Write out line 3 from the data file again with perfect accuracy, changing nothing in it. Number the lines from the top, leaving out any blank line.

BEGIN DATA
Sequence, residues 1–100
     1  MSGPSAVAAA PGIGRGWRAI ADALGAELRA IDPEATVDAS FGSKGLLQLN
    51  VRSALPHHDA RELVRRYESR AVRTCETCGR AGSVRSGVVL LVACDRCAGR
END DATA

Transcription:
    51  VRSALPHHDA RELVRRYESR AVRTCETCGR AGSVRSGVVL LVACDRCAGR